Aug 2 '20 at 13:20
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I think the idea that the textbook here is getting at is that there are two steps to model generation and model usage. You are correct that we first must use data to generate a model. There is no way to know how effects of independent variables are associated with the dependent variable unless we first have data to determine these relationships. This is called model fitting, and model fitting is done on training data.

However, once these relationships are determined from model fitting, we can use the betas we generate (the effects of the independent variables) and input our X1, X2, ..., Xn (independent variables) to arrive at some estimation of y (our dependent variable). I think it is in this sense that the text says we "use the model to generate data." Though this is a poor way to word what linear regression models actually accomplish. Much better is later when it says we can "use the proposed model [to estimate] the solution of the posed problem."

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In theoretical point of view S1 seems me the correct answer, in fact your material says this. Seems me that your material give you a simple but exhaustive explanation. In fact is wrote:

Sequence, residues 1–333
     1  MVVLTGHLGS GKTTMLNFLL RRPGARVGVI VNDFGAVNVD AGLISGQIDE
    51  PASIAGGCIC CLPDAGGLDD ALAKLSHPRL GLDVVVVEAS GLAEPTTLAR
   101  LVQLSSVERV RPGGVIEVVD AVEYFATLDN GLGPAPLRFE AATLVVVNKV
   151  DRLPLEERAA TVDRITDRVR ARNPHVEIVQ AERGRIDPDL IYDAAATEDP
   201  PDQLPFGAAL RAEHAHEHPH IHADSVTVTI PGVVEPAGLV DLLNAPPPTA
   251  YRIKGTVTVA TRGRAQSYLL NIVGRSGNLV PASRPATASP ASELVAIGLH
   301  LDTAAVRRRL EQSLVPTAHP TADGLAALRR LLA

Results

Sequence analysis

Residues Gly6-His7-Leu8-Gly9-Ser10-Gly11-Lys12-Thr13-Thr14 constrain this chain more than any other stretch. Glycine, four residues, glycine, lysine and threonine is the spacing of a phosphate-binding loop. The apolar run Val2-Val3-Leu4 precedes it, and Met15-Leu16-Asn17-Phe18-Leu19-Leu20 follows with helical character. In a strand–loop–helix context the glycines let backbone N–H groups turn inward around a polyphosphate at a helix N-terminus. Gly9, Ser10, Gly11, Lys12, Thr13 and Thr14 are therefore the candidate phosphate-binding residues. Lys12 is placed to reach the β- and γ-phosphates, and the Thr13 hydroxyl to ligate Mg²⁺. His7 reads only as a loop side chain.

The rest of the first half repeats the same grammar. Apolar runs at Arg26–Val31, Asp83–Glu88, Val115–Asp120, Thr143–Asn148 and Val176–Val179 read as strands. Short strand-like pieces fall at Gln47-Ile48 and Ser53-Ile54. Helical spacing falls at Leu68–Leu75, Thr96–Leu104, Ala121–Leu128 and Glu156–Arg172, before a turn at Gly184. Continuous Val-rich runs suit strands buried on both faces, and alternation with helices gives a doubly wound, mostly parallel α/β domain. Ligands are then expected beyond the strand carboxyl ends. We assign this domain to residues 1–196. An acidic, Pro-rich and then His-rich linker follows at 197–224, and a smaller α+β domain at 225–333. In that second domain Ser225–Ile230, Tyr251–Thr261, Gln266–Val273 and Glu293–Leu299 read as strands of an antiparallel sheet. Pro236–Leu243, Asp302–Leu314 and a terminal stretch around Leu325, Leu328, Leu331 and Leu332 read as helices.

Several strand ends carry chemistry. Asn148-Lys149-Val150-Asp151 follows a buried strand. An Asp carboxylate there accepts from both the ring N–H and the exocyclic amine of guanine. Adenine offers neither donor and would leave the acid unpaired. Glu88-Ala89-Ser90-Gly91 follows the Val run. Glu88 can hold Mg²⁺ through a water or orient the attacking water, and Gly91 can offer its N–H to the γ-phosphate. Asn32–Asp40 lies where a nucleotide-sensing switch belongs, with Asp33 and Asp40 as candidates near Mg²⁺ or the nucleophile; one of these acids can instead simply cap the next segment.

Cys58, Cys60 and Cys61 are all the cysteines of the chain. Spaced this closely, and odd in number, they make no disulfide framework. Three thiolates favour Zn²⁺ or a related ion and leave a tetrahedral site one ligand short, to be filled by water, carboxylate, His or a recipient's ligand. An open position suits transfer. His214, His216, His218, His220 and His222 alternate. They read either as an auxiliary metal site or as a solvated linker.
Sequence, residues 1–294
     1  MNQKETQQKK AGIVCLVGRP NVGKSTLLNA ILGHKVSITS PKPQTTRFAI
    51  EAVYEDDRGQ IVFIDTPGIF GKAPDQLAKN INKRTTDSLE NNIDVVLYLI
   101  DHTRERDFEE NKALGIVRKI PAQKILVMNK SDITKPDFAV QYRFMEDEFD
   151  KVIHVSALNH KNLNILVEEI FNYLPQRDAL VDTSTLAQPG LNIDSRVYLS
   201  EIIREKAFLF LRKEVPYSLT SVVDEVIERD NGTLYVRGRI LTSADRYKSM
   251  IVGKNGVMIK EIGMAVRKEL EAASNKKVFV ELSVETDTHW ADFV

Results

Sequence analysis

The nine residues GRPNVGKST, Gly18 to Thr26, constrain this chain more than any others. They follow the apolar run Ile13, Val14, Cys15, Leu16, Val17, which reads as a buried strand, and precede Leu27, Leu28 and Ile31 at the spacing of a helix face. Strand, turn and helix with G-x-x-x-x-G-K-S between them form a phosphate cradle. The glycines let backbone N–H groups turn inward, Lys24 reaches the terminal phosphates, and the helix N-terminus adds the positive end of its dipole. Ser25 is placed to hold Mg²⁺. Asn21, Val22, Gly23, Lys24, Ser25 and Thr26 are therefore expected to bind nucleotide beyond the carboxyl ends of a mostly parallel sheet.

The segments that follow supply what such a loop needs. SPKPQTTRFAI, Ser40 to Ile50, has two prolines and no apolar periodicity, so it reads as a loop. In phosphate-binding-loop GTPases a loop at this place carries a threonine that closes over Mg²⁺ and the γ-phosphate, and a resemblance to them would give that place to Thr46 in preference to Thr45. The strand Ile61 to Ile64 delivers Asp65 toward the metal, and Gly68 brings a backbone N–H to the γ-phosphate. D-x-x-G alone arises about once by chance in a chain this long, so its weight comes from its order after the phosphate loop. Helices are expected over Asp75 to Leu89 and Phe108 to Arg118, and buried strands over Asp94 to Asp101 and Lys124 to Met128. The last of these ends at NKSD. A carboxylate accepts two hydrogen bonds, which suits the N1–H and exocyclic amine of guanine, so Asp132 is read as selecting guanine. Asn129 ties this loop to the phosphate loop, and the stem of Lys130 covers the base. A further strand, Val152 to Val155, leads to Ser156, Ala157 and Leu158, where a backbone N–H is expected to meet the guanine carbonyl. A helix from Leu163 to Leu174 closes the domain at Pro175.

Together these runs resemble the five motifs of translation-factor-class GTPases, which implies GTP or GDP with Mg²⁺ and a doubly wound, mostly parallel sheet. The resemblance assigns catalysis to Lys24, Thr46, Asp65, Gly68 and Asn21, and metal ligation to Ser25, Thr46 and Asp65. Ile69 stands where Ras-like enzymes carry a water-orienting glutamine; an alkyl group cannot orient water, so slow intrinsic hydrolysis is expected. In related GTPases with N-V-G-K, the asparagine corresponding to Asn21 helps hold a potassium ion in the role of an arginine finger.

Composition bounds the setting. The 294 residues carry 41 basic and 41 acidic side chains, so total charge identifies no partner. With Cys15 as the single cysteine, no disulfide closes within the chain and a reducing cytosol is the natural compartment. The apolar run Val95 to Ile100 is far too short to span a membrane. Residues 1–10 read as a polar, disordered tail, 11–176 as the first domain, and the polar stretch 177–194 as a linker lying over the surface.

Obviously S1 is correct. It can be broadly thought that the model exist in nature but is unknown to the experimenter.

This is a paradigm for causal inference; in this sense you can think about the model as a structural equation. Sometime this model is called true model also. The interpretation of the true model can be different and those difference can produce many problems, in my view the structural equation interpretation is the correct one. More important this interpretation is the closest on affirmation given in your material and reported above. In any case to read here can be useful: What is a 'true' model?

If the structural model is completely known there are nothing to “infer from data”. This can be true in simulations but in real world you never can be completely sure to know the true model exhaustively. Here start the tentative to “model the reality”, model the real link about real variables (data). This is the “to move to the backward direction” intended in your material. The regression can be useful about this scope. Here can seems that we move from data to model but this is only an impression because, if we work properly, we collect data with a theory in mind and it, at least ideally, refers on true model (then S1 holds).